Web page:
Researchers at the University of Tsukuba have made a groundbreaking discovery regarding the origins of non-meteoric water in natural spa waters located in central Japan. Based on numerical modeling, their results suggest that this water has been confined within the lithosphere for an extensive period of 1.5-5 million years. They identified three primary sources for this ancient water: the Philippine Sea Plate, the Pacific Plate, and ancient seafloor sediments, particularly in the Niigata and southwest Gunma regions.
Although most natural spa waters primarily originate from atmospheric precipitation, such as rain and snow (known as meteoric water), the present study explored the unique qualities of certain spa waters. By analyzing the stable isotope compositions of hydrogen and oxygen in water molecules, researchers have identified distinct characteristics that indicate the presence of long-trapped lithospheric water.
They traced the isotopic evolution of this water through sophisticated numerical modeling, and found that various types of water, including those found deep beneath the seafloor as well as in submarine mud volcanoes, coastal oil field brines, and volcanic steam from plate subduction zones, share a common evolutionary trajectory.
Moreover, the researchers developed a novel method for reconstructing the original isotopic composition of lithospheric water by eliminating the effects of meteoric water contamination from the isotopic data of natural spa waters. Using this approach, the researchers calculated the isotopic composition of lithospheric waters at the depths of various spa sites and compared these values with those reconstructed from natural spa waters.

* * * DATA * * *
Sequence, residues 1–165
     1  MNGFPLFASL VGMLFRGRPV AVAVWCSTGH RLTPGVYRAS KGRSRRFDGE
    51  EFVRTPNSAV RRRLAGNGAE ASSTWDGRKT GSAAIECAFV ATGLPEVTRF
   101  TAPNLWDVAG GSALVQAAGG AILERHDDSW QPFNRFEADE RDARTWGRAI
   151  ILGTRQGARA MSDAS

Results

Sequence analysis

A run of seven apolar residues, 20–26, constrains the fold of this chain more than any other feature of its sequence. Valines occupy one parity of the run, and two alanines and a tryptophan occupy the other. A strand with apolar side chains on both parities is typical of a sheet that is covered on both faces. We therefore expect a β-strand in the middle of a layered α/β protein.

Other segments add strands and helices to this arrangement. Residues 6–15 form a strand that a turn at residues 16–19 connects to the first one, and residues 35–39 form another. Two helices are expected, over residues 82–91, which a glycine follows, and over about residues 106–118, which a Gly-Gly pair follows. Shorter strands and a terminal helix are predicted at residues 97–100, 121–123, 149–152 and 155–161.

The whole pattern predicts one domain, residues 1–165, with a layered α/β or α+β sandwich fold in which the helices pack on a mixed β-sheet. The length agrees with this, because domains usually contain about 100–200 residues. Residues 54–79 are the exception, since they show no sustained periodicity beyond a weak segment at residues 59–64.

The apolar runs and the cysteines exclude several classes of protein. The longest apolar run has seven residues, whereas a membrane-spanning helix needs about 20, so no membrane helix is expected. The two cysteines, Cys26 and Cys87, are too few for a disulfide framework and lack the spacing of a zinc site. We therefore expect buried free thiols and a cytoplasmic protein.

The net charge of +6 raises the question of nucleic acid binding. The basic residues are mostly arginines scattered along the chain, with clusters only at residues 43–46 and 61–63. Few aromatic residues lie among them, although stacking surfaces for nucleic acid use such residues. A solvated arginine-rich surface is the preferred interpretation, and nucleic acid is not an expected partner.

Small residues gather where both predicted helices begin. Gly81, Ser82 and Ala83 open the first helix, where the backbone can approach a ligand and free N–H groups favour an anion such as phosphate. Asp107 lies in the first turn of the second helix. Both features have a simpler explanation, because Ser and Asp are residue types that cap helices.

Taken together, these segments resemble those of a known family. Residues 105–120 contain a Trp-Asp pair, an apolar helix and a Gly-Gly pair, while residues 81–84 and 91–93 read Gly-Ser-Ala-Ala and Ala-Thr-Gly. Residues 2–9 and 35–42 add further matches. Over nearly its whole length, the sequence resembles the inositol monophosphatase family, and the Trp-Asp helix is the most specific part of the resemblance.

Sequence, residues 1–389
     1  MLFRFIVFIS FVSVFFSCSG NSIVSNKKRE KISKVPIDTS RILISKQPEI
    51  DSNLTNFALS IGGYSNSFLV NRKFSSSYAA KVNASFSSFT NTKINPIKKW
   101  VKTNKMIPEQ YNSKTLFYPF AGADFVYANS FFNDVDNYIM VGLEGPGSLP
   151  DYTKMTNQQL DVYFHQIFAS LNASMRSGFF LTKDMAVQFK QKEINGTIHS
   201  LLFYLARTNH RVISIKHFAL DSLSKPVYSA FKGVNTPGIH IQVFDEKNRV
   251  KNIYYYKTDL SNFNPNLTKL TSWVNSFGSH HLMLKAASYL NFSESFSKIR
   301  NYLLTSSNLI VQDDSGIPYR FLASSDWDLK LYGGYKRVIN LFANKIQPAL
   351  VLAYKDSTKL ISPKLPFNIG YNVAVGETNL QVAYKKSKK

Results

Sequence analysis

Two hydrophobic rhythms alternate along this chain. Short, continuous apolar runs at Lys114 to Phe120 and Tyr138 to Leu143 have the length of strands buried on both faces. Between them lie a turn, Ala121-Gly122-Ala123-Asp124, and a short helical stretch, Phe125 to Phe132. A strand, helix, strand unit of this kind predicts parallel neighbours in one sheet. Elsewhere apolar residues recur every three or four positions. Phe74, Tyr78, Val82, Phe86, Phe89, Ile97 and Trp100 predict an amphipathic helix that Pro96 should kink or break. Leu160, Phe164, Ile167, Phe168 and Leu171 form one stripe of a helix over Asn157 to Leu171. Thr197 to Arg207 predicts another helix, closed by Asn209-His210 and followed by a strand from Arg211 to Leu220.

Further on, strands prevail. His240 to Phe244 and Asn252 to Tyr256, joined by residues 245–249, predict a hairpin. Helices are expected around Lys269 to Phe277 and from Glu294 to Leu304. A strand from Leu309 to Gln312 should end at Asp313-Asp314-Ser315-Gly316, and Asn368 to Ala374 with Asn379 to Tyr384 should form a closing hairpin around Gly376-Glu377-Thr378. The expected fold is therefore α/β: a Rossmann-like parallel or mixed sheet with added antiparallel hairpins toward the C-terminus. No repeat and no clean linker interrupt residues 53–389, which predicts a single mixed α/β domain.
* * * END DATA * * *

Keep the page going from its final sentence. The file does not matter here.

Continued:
Based on the geographical distribution of spa waters, they were categorized into three groups: those consistent with the subduction of the Philippine Sea Plate or the Pacific Plate and those showing minimal isotopic evolution and thus not aligning with either plate.
These findings not only reveal the complex, three-dimensional structure and evolution of ultra-deep water circulation (>100 km deep) but also hold crucial implications for understanding the role of water in seismic and volcanic activities. This research paves the way for advancements in the prediction and forecasting of earthquakes and volcanic eruptions.
This work was supported by a Grant-in-Aid for Scientific Research (grant nos. 15H02957 & 19H01370) from Japan Society for the Promotion of Science. The authors thank all managers of individual studied spas for accepting water collection at the spa source.
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